Tags: immigrants | teens | summer | jobs

Immigration Lessens Jobs for U.S. Teens, Report Finds

Wednesday, 12 May 2010 11:11 AM

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Competition from both legal and illegal immigrants is a major reason that U.S.-born teenagers face dismal prospects for summer jobs, according to a report from the Center for Immigration Studies.

This summer is on track to be the worst ever for the employment of U.S.-born teenagers, classified as ages 16 to 19, says a news release the center issued Wednesday as it unveiled its report.

Even before the recession, the share of U.S.-born teens who were working or looking for work was declining, according to the center, a nonprofit, nonpartisan Washington, D.C.-based think tank that analyzes the effects of immigration on the United States.

The center expressed concern about the lag in teen employment “because a large body of research shows that those who do not hold jobs as teenagers often fail to develop the work habits necessary to function in the labor market, creating significant negative consequences for them later in life.”

Many states where immigrants are the largest share of workers also have lowest teenage labor force participation, including California, New Jersey, New York, Nevada, Florida, Hawaii, Texas, and Arizona, said Steven Camarota, the center’s research director and lead author of the report, "A Drought of Summer Jobs: Immigration and the Long-Term Decline in Employment Among U.S.-Born Teenagers."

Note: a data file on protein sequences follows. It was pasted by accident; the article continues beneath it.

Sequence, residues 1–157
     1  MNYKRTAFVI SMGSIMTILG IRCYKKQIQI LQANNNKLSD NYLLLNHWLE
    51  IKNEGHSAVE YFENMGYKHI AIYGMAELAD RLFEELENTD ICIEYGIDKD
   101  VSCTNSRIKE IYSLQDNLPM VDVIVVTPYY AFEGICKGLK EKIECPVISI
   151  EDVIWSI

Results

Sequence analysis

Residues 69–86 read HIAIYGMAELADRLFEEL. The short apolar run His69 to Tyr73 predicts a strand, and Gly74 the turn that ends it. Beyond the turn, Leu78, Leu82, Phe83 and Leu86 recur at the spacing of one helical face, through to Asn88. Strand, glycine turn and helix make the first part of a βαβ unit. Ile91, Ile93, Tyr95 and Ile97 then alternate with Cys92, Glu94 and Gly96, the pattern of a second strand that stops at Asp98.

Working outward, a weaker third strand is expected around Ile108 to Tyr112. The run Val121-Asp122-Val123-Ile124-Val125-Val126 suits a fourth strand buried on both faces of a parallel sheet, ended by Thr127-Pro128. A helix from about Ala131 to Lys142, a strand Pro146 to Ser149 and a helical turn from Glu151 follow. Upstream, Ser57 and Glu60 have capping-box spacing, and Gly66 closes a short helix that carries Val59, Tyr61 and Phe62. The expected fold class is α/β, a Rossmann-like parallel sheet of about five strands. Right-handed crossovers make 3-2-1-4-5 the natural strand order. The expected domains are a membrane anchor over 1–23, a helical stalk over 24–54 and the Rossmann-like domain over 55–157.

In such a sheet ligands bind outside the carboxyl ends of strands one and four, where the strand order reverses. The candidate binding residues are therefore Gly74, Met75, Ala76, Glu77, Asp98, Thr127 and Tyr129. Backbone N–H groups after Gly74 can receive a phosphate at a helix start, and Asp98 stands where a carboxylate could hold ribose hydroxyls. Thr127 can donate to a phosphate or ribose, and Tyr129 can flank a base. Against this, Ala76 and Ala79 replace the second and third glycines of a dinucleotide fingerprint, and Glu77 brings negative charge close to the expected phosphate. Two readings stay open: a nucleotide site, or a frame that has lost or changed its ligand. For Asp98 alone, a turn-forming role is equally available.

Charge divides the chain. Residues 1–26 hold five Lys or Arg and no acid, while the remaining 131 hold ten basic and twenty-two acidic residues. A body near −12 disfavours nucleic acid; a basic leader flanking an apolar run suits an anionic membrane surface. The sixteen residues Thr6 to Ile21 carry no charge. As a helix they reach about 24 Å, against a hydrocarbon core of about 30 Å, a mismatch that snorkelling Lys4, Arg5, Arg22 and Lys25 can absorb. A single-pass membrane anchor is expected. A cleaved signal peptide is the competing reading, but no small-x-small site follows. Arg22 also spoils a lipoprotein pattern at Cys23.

Other findings in the report include:
  • Last summer was the worst job market for U.S.-born teenagers since citizenship data was first collected in 1994. Just 45 percent were in the labor force, which means they worked or were looking for work. Only one-third actually held a job.
  • Between 1994 and 2000, a time of significant economic expansion in the United States, the labor force participation of U.S.-born teens declined from 64 percent to 61 percent. By the summer of 2007, before this recession, it was down to 48 percent.
  • The number of U.S.-born teenagers not in the labor force increased from 4.7 million in 1994 to 8.1 million in 2007. Last summer, it stood at 8.8 million.
  • The severity of the decline is similar for U.S.-born black, Hispanic, and white teens. The fall-off also is similar for teens from both high- and low-income households.
  • Immigrants and teenagers often do the same kind of work. In the summer of 2007, among the 10 occupations employing the most U.S.-born teenagers, one in five workers was an immigrant.
  • Comparisons across states in 2007 show that in the 10 states where immigrants are the largest share of workers, just 45 percent of U.S.-born teens were in the summer labor force, compared with 58 percent in the 10 states where immigrants are the smallest share of workers.
  • The most likely reason immigrants displace U.S.-born teenagers is that the vast majority of immigrants are fully developed adults — relatively few people migrate before age 20. This gives immigrants a significant advantage over U.S.-born teenagers, who typically have much less work experience.

Although the report focused on summer jobs, it notes that the decline in the employment of U.S.-born teenagers is year-round, including a decline leading up to Christmas, the other peak period of seasonal employment.

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